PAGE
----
Salisbury residents evacuate Hyde County
Update: Since this story went to press, Ed and Susan Norvell have arrived safely in Salisbury after securing their home and belongings in Ocracoke and following the Hyde County evacuation plans.
By Karissa Minn
SALISBURY — After successfully riding out Earl last year, Salisbury residents Edward and Susan Norvell have decided to stay on the Outer Banks for Hurricane Irene.
“Hunkered down and ready for the storm,” Norvell wrote on his Facebook profile Wednesday night.
A number of his friends urged the couple to leave, but Norvell only said he would check on a friend’s house for her. No more posts were visible on his profile Thursday night.
The N.C. Department of Transportation began suspending some ferry routes to Ocracoke Island, where the Norvells’ beach home is located, on Thursday evening.
The ferry between Ocracoke and Hatteras will remain in service until water conditions grow unsafe — typically when winds exceed 40 miles per hour, the Associated Press reported. Operations will return to normal as soon as the U.S. Coast Guard deems it safe.
As the Carolinas brace for the hurricane’s arrival, the Bahamas are shaking off the storm and checking out the damage left behind.
Salisbury native Ashley Maddox left her Abaco, Bahamas, home near the shore to stay with her boyfriend’s parents on higher ground this week.
She said in an email to the Post on Thursday evening that the worst of the storm had gone, but it was still delivering 70- to 75 mph winds.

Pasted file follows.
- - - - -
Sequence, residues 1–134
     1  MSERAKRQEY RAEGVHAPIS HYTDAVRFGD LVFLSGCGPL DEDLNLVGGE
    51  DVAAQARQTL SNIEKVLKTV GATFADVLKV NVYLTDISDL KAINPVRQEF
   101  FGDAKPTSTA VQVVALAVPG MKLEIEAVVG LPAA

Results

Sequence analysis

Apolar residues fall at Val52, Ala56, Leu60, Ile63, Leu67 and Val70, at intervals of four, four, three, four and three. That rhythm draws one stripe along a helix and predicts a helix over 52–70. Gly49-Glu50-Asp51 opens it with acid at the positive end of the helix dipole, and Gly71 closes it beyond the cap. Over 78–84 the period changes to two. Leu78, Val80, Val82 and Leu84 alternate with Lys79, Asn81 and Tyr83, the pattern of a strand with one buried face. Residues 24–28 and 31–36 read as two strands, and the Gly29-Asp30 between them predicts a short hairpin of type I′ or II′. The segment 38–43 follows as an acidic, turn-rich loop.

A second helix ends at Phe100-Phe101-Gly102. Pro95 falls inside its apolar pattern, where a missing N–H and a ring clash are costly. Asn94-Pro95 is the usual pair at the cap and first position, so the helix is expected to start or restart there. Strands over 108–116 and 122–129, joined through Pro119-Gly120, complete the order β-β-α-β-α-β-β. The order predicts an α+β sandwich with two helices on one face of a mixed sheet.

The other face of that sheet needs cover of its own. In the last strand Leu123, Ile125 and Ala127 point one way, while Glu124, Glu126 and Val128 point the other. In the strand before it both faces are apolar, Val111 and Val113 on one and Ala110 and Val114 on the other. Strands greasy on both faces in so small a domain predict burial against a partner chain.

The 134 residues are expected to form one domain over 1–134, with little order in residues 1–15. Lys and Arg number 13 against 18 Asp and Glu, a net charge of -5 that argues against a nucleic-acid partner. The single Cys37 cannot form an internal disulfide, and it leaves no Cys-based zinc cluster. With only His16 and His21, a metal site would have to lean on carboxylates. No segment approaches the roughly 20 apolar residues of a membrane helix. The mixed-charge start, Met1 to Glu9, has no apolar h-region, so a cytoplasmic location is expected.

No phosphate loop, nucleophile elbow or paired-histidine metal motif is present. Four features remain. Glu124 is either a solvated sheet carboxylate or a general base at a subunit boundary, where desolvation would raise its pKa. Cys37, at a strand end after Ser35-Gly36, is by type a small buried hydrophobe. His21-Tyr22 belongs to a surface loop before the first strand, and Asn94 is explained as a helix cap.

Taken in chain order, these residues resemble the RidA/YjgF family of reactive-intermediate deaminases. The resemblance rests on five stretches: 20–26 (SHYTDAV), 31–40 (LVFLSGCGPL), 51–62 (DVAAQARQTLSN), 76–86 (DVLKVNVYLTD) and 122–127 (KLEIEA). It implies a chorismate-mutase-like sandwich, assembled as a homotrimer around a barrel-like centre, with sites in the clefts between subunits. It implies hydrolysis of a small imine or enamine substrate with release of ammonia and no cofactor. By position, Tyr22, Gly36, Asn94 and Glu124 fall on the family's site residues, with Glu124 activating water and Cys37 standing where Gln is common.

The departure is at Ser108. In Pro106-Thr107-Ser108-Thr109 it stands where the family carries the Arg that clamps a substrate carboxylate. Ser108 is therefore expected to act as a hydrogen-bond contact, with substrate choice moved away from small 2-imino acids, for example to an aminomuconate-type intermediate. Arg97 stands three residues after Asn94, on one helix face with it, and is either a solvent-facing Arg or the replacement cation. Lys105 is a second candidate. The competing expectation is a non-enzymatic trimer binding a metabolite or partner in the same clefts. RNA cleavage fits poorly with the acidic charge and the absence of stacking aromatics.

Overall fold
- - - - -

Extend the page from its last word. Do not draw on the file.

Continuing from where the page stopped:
“We went out during the eye of the storm and the damage is there (to be expected) but most of it seemed to be on the docks,” Ashley wrote. “Our house looked alright from the outside but we are afraid it has flooded due to leaky roofs. During the middle of the storm the walls were flexing and the cats were not happy.”
Ellen Maddox, Ashley’s mother, said earlier in the afternoon that she was a “nervous wreck” about her daughter. Ellen and her husband, Scott, spoke to their daughter Wednesday night but the phone connection was poor.
Since then, they’ve been keeping up with Ashley on her Facebook profile as she posts updates. She lost power at one point but soon was using electricity from a generator.
“She’s always been very close to us and let us know what’s going on, so I’m thankful she’s able to do that still,” Ellen said. “We’re so used to talking very frequently, and when you’re unable to do that, it’s not a very good feeling for a mother.”
She said this is Ashley’s first hurricane since she moved to the Bahamas in December 2009. Ashley found a job there as a first-grade teacher after visiting her boyfriend, Aaron Knowles, whose parents own a marina in Abaco.
“I know she’s shaking in her boots,” Ellen said. “They’ve had a few tropical storms, but nothing compared to this. … But his parents are there, and they are a wonderful family, so I know she’s in good hands.”
On Thursday evening around 7 p.m. – about 8 hours after her last update – Ashley posted on Facebook, “everything is dying down now… cant wait (or maybe i can) to get inside our house to see what it looks like!”
Contact reporter Karissa Minn at 704-797-4222.
Facebook: facebook.com/ Karissa.SalisburyPost